Indeed, the House foreign affairs committee could hold hearings related to issues like climate change and its impact on Asia, and on counterterrorism efforts in Southeast Asia. Democrats also likely would try to elevate human rights in discussions of Asia policy – in Myanmar, in the Philippines, and in other countries. Some Democrats, for instance, may attempt to make any U.S. negotiations with the Philippines over a bilateral free trade agreement contingent on improvements in the human rights climate under Philippine President Rodrigo Duterte. They also may attempt to move forward tougher legislation on Myanmar.
The Democrats have further made clear that they intend to use power in the House, should they win a majority there, to more aggressively probe the president’s alleged conflicts of interest, and to provide more assertive oversight of many government agencies. This examination of alleged conflicts of interest could include investigations of possible conflicts related to Asia policy, including questions about the Trump family’s branding opportunities in China and a Trump-branded resort in Indonesia that appears to have received $500 million in loans from the Chinese government.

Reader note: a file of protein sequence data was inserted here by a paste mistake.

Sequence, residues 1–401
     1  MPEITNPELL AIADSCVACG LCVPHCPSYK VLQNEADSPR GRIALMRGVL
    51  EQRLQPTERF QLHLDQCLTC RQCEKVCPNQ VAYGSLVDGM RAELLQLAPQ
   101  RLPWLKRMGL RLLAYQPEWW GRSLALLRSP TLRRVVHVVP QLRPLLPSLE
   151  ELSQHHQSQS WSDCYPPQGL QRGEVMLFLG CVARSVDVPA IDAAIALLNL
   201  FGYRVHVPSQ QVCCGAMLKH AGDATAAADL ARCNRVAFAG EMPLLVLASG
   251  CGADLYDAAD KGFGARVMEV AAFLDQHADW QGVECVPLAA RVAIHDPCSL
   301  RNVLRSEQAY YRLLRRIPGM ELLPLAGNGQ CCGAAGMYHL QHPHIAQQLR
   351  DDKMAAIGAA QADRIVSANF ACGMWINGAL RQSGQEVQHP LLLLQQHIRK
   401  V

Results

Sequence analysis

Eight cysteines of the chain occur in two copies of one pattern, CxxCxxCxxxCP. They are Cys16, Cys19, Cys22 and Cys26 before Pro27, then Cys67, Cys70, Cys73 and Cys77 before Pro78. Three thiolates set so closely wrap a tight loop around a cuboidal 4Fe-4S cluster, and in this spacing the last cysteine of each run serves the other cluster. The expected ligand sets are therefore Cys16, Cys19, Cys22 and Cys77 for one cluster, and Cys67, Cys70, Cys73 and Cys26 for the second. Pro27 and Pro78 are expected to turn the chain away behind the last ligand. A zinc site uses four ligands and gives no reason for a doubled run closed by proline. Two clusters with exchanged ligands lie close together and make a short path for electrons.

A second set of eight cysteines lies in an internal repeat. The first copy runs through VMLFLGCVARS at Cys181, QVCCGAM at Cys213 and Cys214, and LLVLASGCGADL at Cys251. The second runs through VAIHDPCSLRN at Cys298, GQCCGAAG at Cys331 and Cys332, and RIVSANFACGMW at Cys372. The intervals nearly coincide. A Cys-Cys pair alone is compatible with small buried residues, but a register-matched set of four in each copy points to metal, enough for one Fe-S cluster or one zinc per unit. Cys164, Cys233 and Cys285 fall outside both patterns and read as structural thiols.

Joshua Kurlantzick is senior fellow for Southeast Asia at the Council on Foreign Relations (CFR). He is the author, most recently, of A Great Place to Have a War: America in Laos and the Birth of a Military CIA.